I notice a good few members from the USA on the site already. Whats the state of Irish traditional music in the cities that you come from ? Be interested to know.

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I think that its pretty strong, and growing.  Sessions come and go, with one or two lasting for some time in most cities.  its hard to get long term commitment from the restaurant/pub owners, and the varying attendance of session players can on occassion "drink the bar tab" dry (-;  So the pub owners look at there bottom line on session nights with much scrutiny.  I recently moved from outside of Philadelphia, PA where there are numerous lively and longstanding sessions, to near Denver, CO where there are about 4 or 5 solid longstanding sessions.  There are many major festivals going strong across the US.  On thing that there is hardly any of, and that is irish Traditional Music degree or program offerings in the universities and colleges.  you might find an enthusiast among the faculty that starts a club, but nothing for the more serious musician.  I would be first in line for such a program here in the U.S.
Thanks Russ. Still fairly lively here in Dublin although the quality can be variable. A lot of the good players dont come out to play. However there is no let up in the interest, young people still playing. Largest music festival in the world coming up in Cavan in August. Fleadh 2011. 120,000+ people quite impressive.
Yes, Cavan Fleadh is on my travel wish list (-:  I look forward to going there one day.  The Rocky Mountain Irish Festival is here in Fort Collins, Colorado in late August, see http://www.fortcollinsirishfestival.com/jom/ .

Seems like the festivals around here are tending more toward the Celtic Rock stuff than TRAD. I like the rock, but the TRAD gets in your soul.

 

Colorado Irish Festival is adding more acoustic local groups in addition to the headliner bands, so that's nice.


I've heard good stuff about the Spanish Peaks festival, though I have yet to attend one.


In general, if you're looking for TRAD, I'm not sure festivals are the best place. They're still a lot of fun though.

BTW, the Rocky Mountain Irish Festival is actually in Loveland, not in Fort Collins. Or at least down by the highway NEAR Loveland. It used to be the Fort Collins Festival, but the organizer moved it a couple of years ago to the bigger venue near Loveland and renamed it. He has some great plans, but last year, the festival had to be canceled, and a lot of people question whether he'll be able to pull it off this year. Looks like an excellent festival if he manages it.
Traditional music is alive and well in the metro area of Denver Colorado where I live. We have a lot of good sessions, and many talented musicians. It's a pleasure to play with them and know so many of them.
Doing well here in San Diego, several active sessions and enough good players to support them. We also occasionally travel north to Los Angeles and visit/share hosting with session there.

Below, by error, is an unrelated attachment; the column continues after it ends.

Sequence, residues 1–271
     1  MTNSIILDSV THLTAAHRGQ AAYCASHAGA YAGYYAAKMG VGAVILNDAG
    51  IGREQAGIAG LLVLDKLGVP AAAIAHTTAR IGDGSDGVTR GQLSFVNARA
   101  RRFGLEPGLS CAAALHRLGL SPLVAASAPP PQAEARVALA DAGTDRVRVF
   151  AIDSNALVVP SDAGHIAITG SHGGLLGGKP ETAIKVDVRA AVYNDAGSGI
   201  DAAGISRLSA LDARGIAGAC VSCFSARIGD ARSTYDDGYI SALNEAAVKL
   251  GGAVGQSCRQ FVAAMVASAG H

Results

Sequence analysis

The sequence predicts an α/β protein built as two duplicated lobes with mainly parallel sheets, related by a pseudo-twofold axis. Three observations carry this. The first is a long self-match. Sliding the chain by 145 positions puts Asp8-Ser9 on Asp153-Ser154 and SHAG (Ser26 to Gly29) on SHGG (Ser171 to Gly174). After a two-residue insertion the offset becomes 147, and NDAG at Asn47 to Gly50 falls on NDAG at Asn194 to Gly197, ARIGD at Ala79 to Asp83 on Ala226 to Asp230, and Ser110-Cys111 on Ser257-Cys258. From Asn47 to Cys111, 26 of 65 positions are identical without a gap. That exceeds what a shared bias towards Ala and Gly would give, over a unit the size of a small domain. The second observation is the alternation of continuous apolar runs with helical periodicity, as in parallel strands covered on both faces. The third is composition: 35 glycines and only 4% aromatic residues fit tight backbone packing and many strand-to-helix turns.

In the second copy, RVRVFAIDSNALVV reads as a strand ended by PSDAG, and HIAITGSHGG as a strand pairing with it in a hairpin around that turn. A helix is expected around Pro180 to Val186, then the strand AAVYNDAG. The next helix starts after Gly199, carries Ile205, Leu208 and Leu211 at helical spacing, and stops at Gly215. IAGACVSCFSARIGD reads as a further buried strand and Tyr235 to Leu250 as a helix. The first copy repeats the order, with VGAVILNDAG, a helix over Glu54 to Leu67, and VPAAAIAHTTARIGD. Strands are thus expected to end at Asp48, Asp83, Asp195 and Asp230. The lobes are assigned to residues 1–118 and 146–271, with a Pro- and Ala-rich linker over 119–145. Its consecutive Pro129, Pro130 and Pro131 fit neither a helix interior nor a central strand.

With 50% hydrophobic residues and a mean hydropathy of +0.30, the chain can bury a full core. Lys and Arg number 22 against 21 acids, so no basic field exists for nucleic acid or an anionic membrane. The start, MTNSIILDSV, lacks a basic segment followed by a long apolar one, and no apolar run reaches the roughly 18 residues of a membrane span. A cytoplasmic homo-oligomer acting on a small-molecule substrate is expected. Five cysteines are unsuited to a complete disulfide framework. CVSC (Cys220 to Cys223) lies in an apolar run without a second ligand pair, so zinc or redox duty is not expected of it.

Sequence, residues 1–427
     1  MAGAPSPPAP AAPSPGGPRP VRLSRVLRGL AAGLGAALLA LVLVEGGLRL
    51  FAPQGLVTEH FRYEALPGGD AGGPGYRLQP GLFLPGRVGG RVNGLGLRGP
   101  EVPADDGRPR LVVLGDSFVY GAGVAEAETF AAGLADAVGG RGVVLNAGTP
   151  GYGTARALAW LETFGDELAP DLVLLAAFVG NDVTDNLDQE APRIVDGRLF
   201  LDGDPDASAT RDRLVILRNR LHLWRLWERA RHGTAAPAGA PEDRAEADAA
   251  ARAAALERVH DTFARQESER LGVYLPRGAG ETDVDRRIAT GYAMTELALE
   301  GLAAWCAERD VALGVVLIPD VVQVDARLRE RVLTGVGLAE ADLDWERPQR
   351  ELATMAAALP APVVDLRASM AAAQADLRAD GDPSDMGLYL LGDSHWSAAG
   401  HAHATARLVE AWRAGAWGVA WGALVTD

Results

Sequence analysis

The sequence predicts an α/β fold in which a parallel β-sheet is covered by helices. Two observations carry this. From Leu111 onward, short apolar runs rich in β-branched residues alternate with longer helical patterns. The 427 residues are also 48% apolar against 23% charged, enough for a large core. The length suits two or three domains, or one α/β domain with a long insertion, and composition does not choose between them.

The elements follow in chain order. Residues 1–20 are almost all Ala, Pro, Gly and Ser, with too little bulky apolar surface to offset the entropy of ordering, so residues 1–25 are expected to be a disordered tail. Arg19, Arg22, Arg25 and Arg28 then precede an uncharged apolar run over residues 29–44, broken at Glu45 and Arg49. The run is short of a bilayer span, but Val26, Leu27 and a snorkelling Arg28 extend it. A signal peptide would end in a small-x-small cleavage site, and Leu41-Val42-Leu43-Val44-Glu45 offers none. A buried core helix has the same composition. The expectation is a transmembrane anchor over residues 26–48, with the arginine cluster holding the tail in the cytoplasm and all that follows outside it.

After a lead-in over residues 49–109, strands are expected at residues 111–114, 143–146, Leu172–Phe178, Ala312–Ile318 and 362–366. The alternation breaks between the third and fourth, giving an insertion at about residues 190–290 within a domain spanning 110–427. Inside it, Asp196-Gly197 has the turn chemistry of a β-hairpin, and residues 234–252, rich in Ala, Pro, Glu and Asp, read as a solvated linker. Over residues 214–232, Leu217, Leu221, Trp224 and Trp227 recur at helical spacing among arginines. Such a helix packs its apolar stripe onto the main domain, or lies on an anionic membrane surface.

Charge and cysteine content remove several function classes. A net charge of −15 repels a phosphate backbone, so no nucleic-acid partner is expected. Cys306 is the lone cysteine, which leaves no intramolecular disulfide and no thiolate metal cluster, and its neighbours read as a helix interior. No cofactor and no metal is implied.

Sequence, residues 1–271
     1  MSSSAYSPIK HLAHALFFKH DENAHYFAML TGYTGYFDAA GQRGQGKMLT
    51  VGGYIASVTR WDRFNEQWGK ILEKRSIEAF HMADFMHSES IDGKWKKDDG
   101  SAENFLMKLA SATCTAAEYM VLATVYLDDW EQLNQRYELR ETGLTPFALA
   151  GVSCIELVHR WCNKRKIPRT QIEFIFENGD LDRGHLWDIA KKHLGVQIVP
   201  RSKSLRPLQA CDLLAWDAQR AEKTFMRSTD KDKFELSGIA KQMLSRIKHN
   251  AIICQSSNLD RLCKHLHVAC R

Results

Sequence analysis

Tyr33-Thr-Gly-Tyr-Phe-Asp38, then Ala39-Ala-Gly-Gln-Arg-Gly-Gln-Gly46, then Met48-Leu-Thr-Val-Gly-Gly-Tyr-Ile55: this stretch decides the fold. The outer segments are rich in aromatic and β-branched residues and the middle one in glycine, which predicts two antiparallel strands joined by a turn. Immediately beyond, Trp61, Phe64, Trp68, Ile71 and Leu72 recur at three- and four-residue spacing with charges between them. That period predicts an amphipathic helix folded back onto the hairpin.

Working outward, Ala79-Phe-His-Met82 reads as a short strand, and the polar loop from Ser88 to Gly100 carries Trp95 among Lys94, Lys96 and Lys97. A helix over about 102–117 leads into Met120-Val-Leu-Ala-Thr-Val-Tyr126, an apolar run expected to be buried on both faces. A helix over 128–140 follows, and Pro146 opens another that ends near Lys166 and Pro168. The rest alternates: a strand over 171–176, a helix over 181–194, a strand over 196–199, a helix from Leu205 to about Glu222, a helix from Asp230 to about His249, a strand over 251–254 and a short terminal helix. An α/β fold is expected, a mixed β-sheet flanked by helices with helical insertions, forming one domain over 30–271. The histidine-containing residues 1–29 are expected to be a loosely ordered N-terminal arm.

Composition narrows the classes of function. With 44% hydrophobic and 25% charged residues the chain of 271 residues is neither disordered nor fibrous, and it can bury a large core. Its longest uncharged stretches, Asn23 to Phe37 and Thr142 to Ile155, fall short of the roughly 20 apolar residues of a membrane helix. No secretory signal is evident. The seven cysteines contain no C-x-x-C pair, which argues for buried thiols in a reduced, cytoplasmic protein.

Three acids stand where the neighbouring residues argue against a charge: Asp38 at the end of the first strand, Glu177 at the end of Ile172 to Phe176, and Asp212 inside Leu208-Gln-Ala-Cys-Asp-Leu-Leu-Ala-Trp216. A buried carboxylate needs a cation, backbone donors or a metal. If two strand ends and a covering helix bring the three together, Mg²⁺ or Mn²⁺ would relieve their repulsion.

UPDATE: Rocky Mountain Irish Festival has been moved to Boardwalk Park in Windsor, except for a Friday night concert at the Event Center. See www.rockymountainirishfestival.com.

 

Also, Colorado Irish Festival will host TRAD sessions on Friday evening, 8 July, and Saturday evening, 9 July. See www.coloradoirishfestival.org

I live in the Nashville,Tennessee area and theres a few  decent sessions to be found near by. Im going to check out a new one on July 13th
I live in the Northwoods of Wisconsin, so I have to travel at least 1-1.5 hours to get to a session.  Although we do have quiet a few Irish bars around, not many sessions.  There are a few though, in Green Bay, Appleton.  As you get closer though to the larger cities, such as Milwaukee, and Madison, there are quite a few sessions.  Milwaukee boasts a wonderful Irish Fest each August, and I have been to many of those--great bands there--last year I saw Liz Carroll.  So, that was exciting for me-a new fiddler.  I am going to be going up to Niagara, WI, close to the MI/WI border next week to check out a Celtic session there.  I'm excited!!
I live close to Philadelphia, PA, and there are a number of sessions within 1 hour of my home.  I'm new to the music, and have only been playing for 3 years.  My goal is to be able to play out, but it's still quite scary :o)  I've gone to several workshops, and that has helped.  I've recently had a great opportunity to take lessons with a new fiddle teacher, but unfortunately I've experienced a very frustrating backslide.  I'm working my way out of it, and realize it's all part of learning to be a better player.

Here in Phoenix there is a strong and dedicated group. There has been consistent sessions held at least 2 locations, one having been going close to 9 years now. In Tucson, AZ there is strong session attendance some of which make the 1 hour trek to Phoenix. I understand Flagstaff, AZ has a strong following and their annual Celtic Festival is going on this weekend (July 16 &17). I'm sorry that I am unable to attend it this year.

Also, while living in Upstate, NY...Buffalo has a very large session group that has been ongoing for at least 6 years, Syracuse is also doing strong.

My good friends at the Fiddle and Bow Music Society in Winston-Salem, NC was founded on the Traditional Music genre and is still going strong after 20 years with weekly shows and sessions of performing artists and local musicians respectfully.

From my experience, there is a considerable amount of musicians, (professional and non-professional) venues, sessions, etc. all dedicated to the preservation and engagement of traditional Irish Music here in the states!

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